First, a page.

Saturday, June 22, 2013

Raising Goats in the City?

I get lots of mail asking whether people can raise goats in the city limits. You've probably seen the big movement to get cities to allow people to raise chickens in their backyards, and its been pretty successful. As far as goats are concerned; if you're thinking about having your own little city goats, find out if its allowed. You can check out Municode. It's a great website that lists lots of city ordinances. If you live in a county, outside city limits, you'll have to call your county extension to get details on all the legalities.

If your city doesn't allow city goats, you can get a campaign going like they did in Denver, Kansas and others. There's a fabulous site that anyone considering raising urban goats should visit! It's called Goat Justice League and it was put together by a fabulous stay-at-home mom, Jennie Grant, who wanted to provide her family with whole foods and the joy of growing up on a farm. She has lots of tips on raising goats in the city and how to legalize goats in the city. Jennie was responsible for starting the movement in Seattle that helped legalize goats there.

Heidi Kooy in San Francisco fights for everything good and is raising goats on the Itty Bitty Farm in the City. Her blog is a must read.

Once you've determined you can have goats, there are a few things to consider. Yes, it is the biggest joy in the whole world to witness the birth of baby goats, bring fresh milk to your home twice each day and enjoy the benefits of your EXTREMELY entertaining goat family; but goats ARE livestock so you need to be sure you are READY for your goats before you rush out to buy them!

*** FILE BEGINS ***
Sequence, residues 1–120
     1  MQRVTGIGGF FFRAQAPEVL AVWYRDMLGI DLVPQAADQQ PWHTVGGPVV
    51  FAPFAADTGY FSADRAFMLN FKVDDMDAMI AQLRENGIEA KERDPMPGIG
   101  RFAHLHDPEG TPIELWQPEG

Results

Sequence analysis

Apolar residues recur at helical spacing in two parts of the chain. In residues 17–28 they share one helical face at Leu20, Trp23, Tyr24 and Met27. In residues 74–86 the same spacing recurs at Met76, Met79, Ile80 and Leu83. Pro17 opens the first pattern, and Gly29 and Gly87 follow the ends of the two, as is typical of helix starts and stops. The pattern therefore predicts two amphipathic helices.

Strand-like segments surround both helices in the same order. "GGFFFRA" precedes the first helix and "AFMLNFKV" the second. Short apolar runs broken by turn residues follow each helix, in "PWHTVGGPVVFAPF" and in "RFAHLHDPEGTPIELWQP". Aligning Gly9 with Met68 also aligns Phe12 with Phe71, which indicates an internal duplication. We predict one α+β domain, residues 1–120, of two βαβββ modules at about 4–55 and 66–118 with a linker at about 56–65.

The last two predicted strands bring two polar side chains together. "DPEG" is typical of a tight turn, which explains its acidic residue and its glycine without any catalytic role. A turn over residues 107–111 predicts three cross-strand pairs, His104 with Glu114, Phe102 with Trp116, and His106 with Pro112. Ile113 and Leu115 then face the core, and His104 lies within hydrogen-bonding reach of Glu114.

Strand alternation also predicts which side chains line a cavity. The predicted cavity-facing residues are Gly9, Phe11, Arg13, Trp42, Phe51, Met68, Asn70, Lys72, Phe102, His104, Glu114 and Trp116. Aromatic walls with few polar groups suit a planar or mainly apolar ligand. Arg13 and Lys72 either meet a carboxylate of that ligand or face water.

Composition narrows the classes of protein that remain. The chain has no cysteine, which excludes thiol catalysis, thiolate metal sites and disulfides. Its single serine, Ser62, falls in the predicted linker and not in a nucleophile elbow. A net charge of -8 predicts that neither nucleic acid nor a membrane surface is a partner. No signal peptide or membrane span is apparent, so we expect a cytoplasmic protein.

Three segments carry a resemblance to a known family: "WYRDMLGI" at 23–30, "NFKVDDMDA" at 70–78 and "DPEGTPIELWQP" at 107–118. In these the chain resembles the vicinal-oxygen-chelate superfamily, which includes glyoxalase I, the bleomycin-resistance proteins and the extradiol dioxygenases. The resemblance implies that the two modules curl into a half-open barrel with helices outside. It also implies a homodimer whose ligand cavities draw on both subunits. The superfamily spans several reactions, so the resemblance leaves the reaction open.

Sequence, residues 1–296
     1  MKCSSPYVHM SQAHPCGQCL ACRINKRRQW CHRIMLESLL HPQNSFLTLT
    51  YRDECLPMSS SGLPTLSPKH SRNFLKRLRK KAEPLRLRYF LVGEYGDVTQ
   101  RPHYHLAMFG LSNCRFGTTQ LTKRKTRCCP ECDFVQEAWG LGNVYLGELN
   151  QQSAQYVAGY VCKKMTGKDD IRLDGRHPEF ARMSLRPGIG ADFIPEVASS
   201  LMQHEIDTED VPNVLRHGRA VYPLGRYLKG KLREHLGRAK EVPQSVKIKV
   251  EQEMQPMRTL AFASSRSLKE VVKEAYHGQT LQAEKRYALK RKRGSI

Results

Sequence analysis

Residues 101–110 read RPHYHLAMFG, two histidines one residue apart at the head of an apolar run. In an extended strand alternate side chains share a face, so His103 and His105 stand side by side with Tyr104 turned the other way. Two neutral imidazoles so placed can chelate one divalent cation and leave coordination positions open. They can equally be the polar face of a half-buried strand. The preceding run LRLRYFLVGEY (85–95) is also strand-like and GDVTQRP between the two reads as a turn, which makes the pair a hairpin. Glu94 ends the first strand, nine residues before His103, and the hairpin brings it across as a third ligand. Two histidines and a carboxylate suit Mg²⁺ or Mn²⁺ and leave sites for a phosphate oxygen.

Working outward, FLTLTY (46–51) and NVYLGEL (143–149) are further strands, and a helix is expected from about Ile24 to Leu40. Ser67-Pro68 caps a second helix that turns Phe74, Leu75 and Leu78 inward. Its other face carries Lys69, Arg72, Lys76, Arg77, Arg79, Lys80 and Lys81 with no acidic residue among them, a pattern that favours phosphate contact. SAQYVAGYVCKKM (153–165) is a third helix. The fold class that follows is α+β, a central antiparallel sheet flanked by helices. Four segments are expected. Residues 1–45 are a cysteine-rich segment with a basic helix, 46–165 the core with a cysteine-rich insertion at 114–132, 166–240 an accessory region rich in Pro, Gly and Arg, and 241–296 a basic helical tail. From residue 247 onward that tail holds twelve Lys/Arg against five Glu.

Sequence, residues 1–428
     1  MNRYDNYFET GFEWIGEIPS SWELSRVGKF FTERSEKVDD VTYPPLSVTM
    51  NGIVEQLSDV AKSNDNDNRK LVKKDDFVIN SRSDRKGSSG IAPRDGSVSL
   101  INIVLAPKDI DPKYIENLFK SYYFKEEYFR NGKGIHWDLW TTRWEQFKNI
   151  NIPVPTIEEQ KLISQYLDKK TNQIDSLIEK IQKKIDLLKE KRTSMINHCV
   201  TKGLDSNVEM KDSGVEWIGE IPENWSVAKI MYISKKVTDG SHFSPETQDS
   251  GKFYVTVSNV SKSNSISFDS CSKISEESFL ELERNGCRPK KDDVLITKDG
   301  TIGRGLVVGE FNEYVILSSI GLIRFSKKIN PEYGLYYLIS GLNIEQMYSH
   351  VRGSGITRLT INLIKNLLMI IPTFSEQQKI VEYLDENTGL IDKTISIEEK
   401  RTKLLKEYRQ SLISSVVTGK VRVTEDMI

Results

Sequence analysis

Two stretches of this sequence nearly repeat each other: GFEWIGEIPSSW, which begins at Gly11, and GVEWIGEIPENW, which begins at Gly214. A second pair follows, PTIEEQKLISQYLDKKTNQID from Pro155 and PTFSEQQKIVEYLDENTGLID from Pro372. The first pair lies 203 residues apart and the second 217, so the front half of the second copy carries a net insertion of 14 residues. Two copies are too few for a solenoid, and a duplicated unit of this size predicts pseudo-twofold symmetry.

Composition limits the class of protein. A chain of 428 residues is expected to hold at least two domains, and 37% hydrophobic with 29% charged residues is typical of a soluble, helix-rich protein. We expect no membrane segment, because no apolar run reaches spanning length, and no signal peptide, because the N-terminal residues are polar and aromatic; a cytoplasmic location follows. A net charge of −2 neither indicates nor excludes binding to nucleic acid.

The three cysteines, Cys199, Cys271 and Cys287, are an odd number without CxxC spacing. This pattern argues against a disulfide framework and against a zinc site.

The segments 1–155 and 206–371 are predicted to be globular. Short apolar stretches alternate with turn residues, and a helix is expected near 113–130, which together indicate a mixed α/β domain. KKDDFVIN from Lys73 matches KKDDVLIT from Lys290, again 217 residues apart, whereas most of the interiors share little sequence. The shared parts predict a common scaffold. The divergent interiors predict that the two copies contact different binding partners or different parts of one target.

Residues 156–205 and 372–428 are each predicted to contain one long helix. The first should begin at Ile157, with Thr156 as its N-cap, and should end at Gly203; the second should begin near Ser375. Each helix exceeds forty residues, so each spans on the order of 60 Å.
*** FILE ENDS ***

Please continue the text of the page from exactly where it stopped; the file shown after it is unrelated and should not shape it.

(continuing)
Goats are herd animals and so you must have at least two goats. It's completely stressful for a goat to be alone. Your lonely goat is liable to eat her way through the fence and into your neighbor's yard creating a playground in their new landscaping, or decide their new porch furniture makes a fantastic rock climbing gym... so be prepared to have two, adorable goats.

Goats are going to be a lot of work. You've got to milk them each morning and evening. It doesn't take a lot of time, but you can't miss a milking. It's painful for your goats and can cause health issues. The Henry Milker 2 allows you to milk your goats in no time without electricity and with your goat in perfect comfort, all while you enjoy your morning coffee!

You can make goat cheese, goat soap and all kinds of fabulous goat milk products. But you MUST, I CAN'T STRESS THIS ENOUGH, be committed to milking your goats twice a day at the same time each day. You'll need a milking stand, and they're easy, easy to build!

Goats also EAT A LOT! and they'll feast on your bushes and garden if given the chance... so you have to be sure your goats have a "goat-proof" living space so they don't escape to turn your backyard into a smorgasbord. We'll talk about the space in a minute. As far as the food, they'll need bales of hay or alfalfa pellets and high protein grain for your lactating females. We also keep a mineral brick that is made especially for goats that has copper in it (don't get one made for both sheep and goats because sheep cannot have copper so this brick is pretty useless for your goats).

 You can also feed your goats veggie scraps and greens--they love that! They also Love BlackBerry bushes and other bush leaves (make sure they are goat compatible before you feed your goats just any bush branches). They won't eat branches, but they eat the leaves. Goats also like to eat out of a feeder that is up high.


They do not like to eat anything off of the ground! If you have a feed store nearby, you can get your supplies there and the staff is usually pretty helpful in helping you get started. Depending on where you live it can cost you between $75 and $150 a month to feed your two goats. Don't forget fresh water! Your goats need fresh water available to them at all times.